Kerala’s traditional multiculturalism has much to offer to the policy and decision makers in modern times, says Ophira Gamliel from the University of Ruhr, the Israeli academic who has been closely associated with Kerala studies.
Speaking to The Hindu on the sidelines of the third International Kerala History Conference here on Friday, Prof. Gamliel says a closer look at the multiculturalism inherited by the State would point to a dynamic system which preserves the identity of every community, even as it provides space for each of them to integrate into one system.
“You don’t lose your identity. Even small communities do not get swallowed. Your literature, culture, everything are well preserved. Instead of getting integrated at the personal level, you are integrated at the community level,” she says.
Prof. Gamliel says the roots of this unique system, still preserved, could be traced to the ancient long-distance trade exchanges which were exceptionally different in character from the modern global trade. “Unlike the modern global trade, which is marked by brutal expropriation of resources and labour, the ancient trade between the western coast of India and west Asia was marked by a great amount of cultural and knowledge exchanges at the community level,” she adds.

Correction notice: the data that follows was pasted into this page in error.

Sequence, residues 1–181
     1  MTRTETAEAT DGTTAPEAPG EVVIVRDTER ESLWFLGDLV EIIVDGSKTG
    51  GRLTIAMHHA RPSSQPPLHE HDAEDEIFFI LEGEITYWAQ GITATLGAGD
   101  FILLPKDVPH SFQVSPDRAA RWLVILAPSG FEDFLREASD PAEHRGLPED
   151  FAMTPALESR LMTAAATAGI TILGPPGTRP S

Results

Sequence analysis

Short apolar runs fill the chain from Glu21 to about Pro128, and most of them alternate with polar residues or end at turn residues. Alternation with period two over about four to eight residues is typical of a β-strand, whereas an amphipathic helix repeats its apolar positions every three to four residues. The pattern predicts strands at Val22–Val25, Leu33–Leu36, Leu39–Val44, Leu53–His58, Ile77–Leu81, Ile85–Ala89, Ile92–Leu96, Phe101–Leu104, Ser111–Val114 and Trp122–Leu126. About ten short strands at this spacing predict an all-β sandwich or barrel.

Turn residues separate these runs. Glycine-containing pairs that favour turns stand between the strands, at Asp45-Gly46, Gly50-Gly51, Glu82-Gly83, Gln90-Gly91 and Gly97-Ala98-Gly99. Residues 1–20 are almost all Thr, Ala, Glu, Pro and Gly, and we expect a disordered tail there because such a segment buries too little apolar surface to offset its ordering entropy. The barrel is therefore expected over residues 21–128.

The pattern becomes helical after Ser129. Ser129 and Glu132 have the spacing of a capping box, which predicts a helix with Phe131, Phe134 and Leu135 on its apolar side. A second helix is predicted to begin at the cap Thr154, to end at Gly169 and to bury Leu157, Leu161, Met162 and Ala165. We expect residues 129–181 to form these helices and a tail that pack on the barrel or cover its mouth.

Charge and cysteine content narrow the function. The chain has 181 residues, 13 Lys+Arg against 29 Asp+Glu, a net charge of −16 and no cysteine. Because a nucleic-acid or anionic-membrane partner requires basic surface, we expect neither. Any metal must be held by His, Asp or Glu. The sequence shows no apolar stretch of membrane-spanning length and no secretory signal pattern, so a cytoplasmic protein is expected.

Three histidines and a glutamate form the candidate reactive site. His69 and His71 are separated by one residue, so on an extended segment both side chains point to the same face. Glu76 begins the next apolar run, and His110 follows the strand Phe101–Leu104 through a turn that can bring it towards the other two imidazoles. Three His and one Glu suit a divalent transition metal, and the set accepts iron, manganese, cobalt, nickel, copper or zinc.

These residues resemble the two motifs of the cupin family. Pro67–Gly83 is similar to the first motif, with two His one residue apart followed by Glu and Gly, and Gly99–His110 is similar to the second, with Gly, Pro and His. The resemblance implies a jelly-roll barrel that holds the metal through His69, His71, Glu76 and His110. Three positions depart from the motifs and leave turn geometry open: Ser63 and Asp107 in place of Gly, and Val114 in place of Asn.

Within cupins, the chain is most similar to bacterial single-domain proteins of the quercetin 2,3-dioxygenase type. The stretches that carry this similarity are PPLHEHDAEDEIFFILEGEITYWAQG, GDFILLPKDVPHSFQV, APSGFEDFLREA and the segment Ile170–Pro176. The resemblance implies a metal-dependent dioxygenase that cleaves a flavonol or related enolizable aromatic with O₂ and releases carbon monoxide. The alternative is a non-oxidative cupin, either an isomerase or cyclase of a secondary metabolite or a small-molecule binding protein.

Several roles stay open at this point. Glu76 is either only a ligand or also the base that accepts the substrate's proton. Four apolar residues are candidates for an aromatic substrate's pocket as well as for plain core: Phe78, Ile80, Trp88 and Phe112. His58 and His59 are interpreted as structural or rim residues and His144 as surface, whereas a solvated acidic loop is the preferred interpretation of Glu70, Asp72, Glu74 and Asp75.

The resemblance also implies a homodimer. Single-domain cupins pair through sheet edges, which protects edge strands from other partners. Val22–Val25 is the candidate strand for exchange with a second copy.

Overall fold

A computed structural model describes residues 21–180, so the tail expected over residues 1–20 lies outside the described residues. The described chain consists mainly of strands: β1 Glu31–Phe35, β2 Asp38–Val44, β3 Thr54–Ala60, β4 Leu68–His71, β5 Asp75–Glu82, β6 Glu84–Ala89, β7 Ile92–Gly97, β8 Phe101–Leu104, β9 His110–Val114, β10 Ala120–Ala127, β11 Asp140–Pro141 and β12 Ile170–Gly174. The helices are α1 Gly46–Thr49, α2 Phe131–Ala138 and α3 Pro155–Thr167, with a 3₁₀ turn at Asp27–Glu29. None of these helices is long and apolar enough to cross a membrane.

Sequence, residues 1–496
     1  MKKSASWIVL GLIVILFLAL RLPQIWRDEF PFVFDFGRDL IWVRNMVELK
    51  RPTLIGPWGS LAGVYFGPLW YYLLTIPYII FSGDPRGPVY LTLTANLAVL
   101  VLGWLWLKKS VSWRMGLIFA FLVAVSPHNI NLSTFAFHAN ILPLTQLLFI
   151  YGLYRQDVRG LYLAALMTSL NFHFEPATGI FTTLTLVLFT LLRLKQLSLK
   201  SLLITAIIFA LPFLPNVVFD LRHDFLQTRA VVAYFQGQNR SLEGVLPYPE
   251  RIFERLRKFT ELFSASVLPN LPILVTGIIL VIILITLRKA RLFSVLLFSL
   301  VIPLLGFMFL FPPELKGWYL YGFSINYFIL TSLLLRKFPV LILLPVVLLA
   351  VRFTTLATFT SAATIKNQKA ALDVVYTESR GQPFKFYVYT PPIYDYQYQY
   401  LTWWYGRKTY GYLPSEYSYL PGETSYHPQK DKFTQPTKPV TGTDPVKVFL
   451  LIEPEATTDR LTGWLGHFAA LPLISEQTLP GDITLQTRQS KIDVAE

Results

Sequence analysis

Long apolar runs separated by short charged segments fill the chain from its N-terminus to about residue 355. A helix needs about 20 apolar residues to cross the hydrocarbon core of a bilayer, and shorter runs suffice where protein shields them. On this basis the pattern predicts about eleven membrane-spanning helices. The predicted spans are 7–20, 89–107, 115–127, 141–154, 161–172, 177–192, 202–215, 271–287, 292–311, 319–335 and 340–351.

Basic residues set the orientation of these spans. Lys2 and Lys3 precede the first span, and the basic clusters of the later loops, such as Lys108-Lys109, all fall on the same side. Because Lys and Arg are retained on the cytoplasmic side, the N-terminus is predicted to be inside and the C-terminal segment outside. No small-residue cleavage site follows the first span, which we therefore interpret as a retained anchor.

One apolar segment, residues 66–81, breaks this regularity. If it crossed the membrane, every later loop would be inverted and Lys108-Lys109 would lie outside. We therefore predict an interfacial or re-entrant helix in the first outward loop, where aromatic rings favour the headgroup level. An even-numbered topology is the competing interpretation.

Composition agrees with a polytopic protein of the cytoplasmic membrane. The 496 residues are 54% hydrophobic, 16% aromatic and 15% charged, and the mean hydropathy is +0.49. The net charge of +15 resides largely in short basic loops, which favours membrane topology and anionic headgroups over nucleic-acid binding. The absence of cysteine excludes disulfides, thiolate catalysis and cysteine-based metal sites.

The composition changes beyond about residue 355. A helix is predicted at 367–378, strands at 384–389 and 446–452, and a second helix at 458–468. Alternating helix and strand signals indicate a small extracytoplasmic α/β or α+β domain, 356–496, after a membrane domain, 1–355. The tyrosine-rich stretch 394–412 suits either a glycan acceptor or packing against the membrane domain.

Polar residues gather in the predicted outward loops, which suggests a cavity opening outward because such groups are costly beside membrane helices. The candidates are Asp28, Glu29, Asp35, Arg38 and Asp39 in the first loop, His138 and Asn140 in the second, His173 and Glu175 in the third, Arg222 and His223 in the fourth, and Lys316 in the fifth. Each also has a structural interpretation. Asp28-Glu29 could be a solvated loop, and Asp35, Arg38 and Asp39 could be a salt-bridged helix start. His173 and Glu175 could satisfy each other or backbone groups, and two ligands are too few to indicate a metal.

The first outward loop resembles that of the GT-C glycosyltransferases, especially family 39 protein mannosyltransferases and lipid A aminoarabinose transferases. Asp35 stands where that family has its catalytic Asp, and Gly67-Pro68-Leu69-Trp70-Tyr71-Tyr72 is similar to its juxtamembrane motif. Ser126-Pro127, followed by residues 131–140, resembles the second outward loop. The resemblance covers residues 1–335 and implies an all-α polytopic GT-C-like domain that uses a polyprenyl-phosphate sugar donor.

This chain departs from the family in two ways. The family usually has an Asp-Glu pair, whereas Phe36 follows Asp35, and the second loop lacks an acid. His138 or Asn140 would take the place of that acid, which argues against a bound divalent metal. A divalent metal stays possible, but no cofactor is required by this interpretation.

The more-than-1,000-year-old Cairo Documents (referring to deals between west Asian traders and those from Kerala) and the 9th century Tharisapalli plates (referring to a grant issued to Syriac Christians of Kerala) are rich evidences to this multiculturalism. “In fact, the Tharisapalli plates are signed in three languages: Persian (in Hebrew script), Pahlavi, and Cufic Arabic,” she says pointing to the efforts taken to preserve the identity of the different trading organisations.
Even the traditional festivals and performing arts here are highly structured so as to ensure the collaboration of the various communities at different levels. Beyond the complexity of what happens on the stage, this underlying structure assured collaboration at the communal level even in performing art forms, she says.
This unique system of multiculturalism should be subject of in-depth research, especially at a time when traditional communities are under threat of being swallowed up in the wave of globalisation, leading to tensions and conflicts at the community and societal level, she adds.